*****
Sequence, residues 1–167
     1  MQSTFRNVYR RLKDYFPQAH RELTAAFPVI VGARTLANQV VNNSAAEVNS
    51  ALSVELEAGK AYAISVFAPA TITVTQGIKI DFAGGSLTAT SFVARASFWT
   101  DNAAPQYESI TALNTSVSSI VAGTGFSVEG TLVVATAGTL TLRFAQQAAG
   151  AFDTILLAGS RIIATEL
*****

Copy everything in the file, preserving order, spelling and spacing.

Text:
Sequence, residues 1–167
     1  MQSTFRNVYR RLKDYFPQAH RELTAAFPVI VGARTLANQV VNNSAAEVNS
    51  ALSVELEAGK AYAISVFAPA TITVTQGIKI DFAGGSLTAT SFVARASFWT
   101  DNAAPQYESI TALNTSVSSI VAGTGFSVEG TLVVATAGTL TLRFAQQAAG
   151  AFDTILLAGS RIIATEL